Analyse the Ofsted report in light of what you have observed to be current practice in your school

ANALYSIS OF COMPUTING INSTRUCTION FILES APPLICATION IN SCHOOLS + Abstract
The Office for Standards in Education, Children’s Services and Skills (Ofsted) is tasked with ensuring excellence in the learning process of young children while still promoting talent exploitation in correlation to their learning activities. Ofsted aims at involving slow learners, fast learners, children with learning disabilities, physically challenged children by creating a conducive and integrative learning environment. This project highlights the use of computer instruction files (formerly known as ICT), the benefits accrued, levels of application in both GCE and GCSE, challenges faced in the implementation of the project and the recommendations made to the national curriculum developers as well as the individual schools. Key to note is that pupils refer to years 1- 6 while students refer to people in secondary schools.
Introduction
A case study of 167 secondary, primary and special schools has been adopted for this Ofsted report in a span of 3 years in 2008 to 2011. Also the use of computing instruction files is both a specialty and across the wider school curriculum. The report reflects issues arising from the application of ICT in schools namely: curriculum and qualifications of Key Stage 4 and 6, staff professionalism where ICT is concerned, e- safety, application of virtual learning environments, resource availability and getting best value of the ICT application (Taylor 2001). Among the schools highlighted ICT was better adopted in primary schools as compared to their secondary counterparts with two thirds of the primary schools showing outstanding progress compared to one third of the secondary schools (Mohanty 2006). Other challenges are that few students advancing to secondary school had the basic ICT knowledge to engage in ICT business later, inadequate or complete lack of ICT infrastructure such as computer, laptops and teachers tired with the workload of students.
Application of Computing Instruction files
Schools adopting ICT were seen to have a comparative advantage over their counterparts which do not among the Key Level 4 and 6 pupils considered, it was evident that it increased their creativity levels with some embracing and arranging music using computers through the virtual learning environment (Mohanty 2006). Slow learners were seen to get fluent with use of computers almost as fast as the fast learners. Children with autism and Down’s syndrome responded dramatically well to ICT application files where the respective schools made specific modifications on the program to handle their learning experience (Meadows 2000). A positive response came with ICT being encouraged among boys in a bid to make them embrace learning English. Their schools encouraged them by providing them with laptops which made them engage in active writing. Among Key Level 2, 4 and 6, ICT was seen to be instrumental in learning of science subjects among both girls and girls.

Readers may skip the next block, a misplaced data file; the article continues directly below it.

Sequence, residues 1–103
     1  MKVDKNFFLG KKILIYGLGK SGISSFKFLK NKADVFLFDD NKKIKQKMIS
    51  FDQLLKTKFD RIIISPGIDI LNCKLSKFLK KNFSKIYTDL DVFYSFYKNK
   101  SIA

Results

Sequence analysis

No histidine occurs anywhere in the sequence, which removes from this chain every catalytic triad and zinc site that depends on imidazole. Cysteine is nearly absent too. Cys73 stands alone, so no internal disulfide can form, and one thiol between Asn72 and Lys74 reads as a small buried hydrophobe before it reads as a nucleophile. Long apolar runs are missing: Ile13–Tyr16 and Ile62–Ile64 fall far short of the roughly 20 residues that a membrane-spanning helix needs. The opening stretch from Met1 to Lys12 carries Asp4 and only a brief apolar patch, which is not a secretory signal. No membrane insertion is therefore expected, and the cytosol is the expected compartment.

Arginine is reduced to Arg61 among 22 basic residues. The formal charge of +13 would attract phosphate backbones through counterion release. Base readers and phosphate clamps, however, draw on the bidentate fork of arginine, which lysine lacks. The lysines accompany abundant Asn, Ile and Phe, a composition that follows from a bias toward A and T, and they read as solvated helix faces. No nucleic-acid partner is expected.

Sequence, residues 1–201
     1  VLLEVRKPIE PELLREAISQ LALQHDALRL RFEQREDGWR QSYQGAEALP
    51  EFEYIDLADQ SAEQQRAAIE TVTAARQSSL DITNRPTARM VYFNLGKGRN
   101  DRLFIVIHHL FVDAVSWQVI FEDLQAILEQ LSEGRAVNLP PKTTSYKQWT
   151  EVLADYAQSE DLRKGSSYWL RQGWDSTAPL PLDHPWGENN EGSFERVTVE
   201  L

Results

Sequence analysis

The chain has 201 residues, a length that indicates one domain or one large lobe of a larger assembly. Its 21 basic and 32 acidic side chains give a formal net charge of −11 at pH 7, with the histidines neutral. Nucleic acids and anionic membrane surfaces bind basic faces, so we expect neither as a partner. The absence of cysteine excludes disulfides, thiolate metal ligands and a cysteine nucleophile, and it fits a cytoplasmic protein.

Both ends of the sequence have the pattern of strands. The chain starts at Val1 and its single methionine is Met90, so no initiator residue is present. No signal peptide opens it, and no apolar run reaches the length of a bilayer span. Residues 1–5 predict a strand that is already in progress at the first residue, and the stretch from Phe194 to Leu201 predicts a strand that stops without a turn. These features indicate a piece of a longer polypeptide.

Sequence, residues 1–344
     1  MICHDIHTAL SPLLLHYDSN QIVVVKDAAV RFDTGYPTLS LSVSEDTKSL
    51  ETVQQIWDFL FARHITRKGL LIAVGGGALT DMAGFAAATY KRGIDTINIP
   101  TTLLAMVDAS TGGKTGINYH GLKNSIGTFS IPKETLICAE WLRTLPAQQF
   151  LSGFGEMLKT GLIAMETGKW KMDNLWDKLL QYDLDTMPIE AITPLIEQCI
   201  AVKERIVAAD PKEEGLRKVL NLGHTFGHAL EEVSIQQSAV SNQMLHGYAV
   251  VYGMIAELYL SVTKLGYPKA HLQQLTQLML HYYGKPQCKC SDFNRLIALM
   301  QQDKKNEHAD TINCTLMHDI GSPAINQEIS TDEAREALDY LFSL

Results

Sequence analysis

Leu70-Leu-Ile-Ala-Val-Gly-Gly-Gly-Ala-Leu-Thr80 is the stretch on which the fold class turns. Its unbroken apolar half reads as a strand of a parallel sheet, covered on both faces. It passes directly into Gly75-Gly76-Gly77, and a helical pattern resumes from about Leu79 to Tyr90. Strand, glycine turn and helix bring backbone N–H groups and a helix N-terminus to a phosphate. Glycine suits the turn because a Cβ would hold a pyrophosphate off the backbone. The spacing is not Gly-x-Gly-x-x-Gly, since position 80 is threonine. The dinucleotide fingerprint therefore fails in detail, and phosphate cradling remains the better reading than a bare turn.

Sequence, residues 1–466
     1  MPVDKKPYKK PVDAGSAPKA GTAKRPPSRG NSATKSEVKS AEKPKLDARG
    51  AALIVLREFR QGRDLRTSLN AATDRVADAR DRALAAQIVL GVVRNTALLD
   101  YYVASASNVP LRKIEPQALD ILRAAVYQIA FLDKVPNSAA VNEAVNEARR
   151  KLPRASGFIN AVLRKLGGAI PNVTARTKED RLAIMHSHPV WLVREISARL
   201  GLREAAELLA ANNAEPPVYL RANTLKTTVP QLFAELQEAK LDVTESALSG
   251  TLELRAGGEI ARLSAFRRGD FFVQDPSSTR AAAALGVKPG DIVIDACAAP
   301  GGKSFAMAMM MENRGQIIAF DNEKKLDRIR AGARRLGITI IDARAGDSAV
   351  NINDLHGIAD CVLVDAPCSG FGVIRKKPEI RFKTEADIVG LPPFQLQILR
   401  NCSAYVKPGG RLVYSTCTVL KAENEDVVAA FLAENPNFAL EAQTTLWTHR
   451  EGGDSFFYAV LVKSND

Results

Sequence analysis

Recommendations
For almost complete of the ICT program in schools and in light of the challenges and applications highlighted above, Ofsted recommends that pupils know how their progress on ICT by continuous assessments, ensure that they have complete ICT curriculum relevant to their needs within and without the classroom, evaluate the costs and benefits realized when establishing collaborative specialist services in commissioning and procurement in ICT in all levels, make e-safety a priority in curriculum development (Meadows 2000). In secondary schools, a range of ICT courses in Key Stage 4 relevant to the students’ needs are to be provided, encouraging girls to continue with ICT beyond 14 and 16. The end effort would be to ensure that all students are able to benefit from the use of appropriate use of ICT across all levels and subjects (Taylor 2001). Primary, secondary and special schools should be provided with the necessary ICT infrastructure to ensure the goals set by Ofsted are realized.
References
Meadows, J 2000, Teaching and Learning with ICT in the Primary Schools, University of California Press, Chicago.
Mohanty L 2006, ICT Strategies for schools: A Guide for School Administrators, Kansas Press, CA.
Taylor, PH 2001, Managing ICT in the Secondary Schools, Oxford University Press, London.